HOUSTON — A day before Democratic presidential candidates converged here for a primary debate, a half-dozen doctors affiliated with the Committee to Protect Medicare and Affordable Care, a progressive group, held a rally to denounce President Trump and Republicans for what they charged were harmful proposals to strip Americans of health care coverage.
“We are here in Houston because the world is watching,” said Dr. Rob Davidson, the Michigan-based founder of the committee. “The world is watching to see whether the United States, the most powerful country in the world, is going to choose affordable, quality care or they’re going to peel back the social safety net from the elderly, the sick and the middle class.”
He said that Trump administration decisions — such as repealing the Affordable Care Act’s individual mandate — had led to 7 million people losing their health care coverage.
At the same time, some of those doctors expressed confusion and even dismay with Democratic plans. That suggested that while many in the medical community do oppose Trump’s plan to repeal and replace the ACA, they are ambivalent about the plans of his political opponents. And they hoped that, when it came time to debate on Thursday night, those candidates would offer substance instead of platitudes.
“I have to be honest, out of all the politicians I hear talk about health care,” said Davidson, “I don’t know that any of them quite have the grip on it that doctors have.”
Doctors, though, are hardly in agreement. A few, though not many, supported Trump’s ultimately unsuccessful 2017 effort to repeal the ACA, which was President Barack Obama’s signature legislative accomplishment. The American Medical Association has come out against a fully federalized health care system, the proposal of Vermont senator and presidential candidate Bernie Sanders. Some doctors, though, do believe that such a fix is not just possible but necessary.
“I don’t want a single-payer for all of America,” said Dr. Lee Ben-Ami, a Houston family practice doctor who is also affiliated with a local progressive group but was speaking as a private individual. She said she was “a little worried” about the Democratic Party moving toward the Sanders plan, even as she said it was necessary to provide health care to uninsured Americans. Centrist candidates like Sen. Michael Bennet of Colorado have offered such proposals, with a public option, but even though that was regarded as a radical solution during the Obama administration, it is now seen by many progressives as a conservative concession.
Such friction could spell trouble for Democrats, who in the 2018 midterm congressional elections successfully ran on protecting health care from cuts by Republicans. At the time, a tight focus on preserving the ACA allowed for victories even in unlikely districts like the 14th in Illinois, a Republican stronghold won by Lauren Underwood, a first-time candidate who was trained as a nurse. Her opponent had voted to repeal the ACA as a House member.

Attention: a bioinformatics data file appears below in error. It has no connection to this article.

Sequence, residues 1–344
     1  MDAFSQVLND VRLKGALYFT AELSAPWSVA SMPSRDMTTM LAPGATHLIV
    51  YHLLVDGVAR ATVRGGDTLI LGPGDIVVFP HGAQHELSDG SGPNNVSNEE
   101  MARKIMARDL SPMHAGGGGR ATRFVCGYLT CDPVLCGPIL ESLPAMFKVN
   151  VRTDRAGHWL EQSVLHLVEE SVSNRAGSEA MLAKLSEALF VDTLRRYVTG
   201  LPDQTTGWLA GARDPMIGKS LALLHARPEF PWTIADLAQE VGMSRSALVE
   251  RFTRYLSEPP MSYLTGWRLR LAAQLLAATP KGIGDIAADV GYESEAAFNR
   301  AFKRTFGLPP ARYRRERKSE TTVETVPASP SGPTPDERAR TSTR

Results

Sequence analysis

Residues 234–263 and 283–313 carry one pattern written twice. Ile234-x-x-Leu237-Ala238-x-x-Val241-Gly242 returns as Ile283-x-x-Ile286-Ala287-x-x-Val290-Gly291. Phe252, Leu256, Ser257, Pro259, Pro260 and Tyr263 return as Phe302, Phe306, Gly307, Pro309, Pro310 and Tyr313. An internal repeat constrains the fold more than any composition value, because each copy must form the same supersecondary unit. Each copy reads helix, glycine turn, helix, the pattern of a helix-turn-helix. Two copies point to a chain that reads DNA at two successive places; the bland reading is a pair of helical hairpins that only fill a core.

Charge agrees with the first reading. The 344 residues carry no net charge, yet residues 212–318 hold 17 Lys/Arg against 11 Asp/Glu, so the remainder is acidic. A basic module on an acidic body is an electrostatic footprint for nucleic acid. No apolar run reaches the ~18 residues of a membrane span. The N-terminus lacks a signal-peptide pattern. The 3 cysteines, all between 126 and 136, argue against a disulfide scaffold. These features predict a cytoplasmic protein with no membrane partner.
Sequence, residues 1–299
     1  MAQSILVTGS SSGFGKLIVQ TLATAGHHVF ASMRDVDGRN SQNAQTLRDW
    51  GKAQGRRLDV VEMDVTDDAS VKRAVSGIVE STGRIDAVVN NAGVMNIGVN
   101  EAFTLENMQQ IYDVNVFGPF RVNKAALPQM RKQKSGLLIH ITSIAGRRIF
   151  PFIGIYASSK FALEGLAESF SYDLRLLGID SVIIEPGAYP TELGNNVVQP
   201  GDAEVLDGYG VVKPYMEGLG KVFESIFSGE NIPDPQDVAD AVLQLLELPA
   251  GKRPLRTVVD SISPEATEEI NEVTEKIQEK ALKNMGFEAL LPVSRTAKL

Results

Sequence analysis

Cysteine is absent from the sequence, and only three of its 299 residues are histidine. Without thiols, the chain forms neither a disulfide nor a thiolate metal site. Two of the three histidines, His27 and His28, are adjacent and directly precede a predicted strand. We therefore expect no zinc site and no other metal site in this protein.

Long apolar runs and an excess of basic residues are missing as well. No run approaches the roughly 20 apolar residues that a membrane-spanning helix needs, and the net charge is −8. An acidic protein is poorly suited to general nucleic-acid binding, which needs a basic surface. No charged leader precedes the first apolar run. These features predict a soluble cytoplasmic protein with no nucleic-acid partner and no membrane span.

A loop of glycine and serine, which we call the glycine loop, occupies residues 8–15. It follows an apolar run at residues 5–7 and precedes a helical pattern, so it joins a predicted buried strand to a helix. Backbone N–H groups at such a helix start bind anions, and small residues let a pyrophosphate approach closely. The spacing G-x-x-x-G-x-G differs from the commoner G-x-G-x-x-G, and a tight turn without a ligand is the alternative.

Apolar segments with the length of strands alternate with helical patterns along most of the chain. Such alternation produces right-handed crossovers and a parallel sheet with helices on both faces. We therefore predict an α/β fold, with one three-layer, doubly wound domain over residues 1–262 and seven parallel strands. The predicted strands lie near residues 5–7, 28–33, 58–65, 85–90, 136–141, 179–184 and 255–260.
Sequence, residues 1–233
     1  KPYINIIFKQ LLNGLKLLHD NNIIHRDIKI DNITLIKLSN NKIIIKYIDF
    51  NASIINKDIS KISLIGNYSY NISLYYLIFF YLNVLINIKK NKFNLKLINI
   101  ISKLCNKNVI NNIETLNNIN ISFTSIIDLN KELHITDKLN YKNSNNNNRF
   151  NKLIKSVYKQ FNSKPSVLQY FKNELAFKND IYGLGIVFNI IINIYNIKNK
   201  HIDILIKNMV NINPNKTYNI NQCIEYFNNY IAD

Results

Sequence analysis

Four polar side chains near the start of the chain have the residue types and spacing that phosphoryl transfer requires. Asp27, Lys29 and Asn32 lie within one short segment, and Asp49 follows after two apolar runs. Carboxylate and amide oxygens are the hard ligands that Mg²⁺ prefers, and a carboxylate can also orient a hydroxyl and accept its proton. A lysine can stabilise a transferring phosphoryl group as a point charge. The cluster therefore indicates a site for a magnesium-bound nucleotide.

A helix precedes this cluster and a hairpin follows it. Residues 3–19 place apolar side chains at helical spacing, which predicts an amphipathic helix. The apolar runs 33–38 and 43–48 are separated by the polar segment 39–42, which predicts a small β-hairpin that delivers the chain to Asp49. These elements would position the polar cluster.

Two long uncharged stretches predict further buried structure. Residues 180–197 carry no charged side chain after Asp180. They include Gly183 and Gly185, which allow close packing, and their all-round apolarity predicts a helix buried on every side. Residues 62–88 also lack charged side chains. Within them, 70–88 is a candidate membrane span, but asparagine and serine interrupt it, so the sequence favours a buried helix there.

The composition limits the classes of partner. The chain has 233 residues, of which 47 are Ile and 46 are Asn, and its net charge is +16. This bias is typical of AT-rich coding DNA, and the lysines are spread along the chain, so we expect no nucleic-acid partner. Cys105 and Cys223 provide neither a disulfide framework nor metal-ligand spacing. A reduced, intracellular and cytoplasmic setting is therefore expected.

Even though the doctors at the Houston rally expressed dismay at the Trump administration’s approach to health care, there was no explicit endorsement of a Democratic policy. “I’m very unclear what some of the Democrats believe,” said Ben-Ami, speaking to Yahoo News before the rally. “We’ve got some people saying ‘Medicare for all,’ and what does that mean? And then I have some Democrats where I can’t pinpoint their policy.”
Davidson also lamented the lack of specifics from candidates. “I hope we get more into the weeds” during Thursday’s debate, he told Yahoo News. He hoped candidates avoid “little sound bites that play well on the news.”
Those present at the rally agreed that any Democratic president would be a better custodian of the nation’s complex medical system than Trump. Davidson noted that Republicans have spoken to the president about cutting Medicare as a “second-term project,” should he win reelection next November.
The doctors held their rally on the edge of the Texas Medical Center, the largest such facility in the world. The center is home to the M.D. Anderson Cancer Center — where immunologist James P. Allison was recently awarded a Nobel Prize — as well as five dozen other institutions. At the same time, 22 percent of Houston residents are uninsured, according to the Urban Institute.
Just the day before the rally on Houston’s vast medical campus, Texas was found to be “the most uninsured state in the nation,” as the Texas Tribune put it, describing just-released statistics from the U.S. Census Bureau. The ACA allowed Texas to expand Medicaid, but it was one of 14 states — almost all of them controlled by conservative governors and legislatures — to decline the federal government’s help. That prevented 1.8 million Texans from receiving coverage, Ben-Ami said on Thursday.
Dr. Pritesh Gandhi, an Austin doctor who is running for Congress, agreed that any plan would be better than Trump’s: “Physicians could care less about the semantics of plans.”
Gandhi said he would endorse any Democrat who would push for the uninsured to have insurance. “All we want is for folks who don’t have insurance to get insurance,” he said.
Most Democrats want that too, even if they are deeply divided about how to get there.
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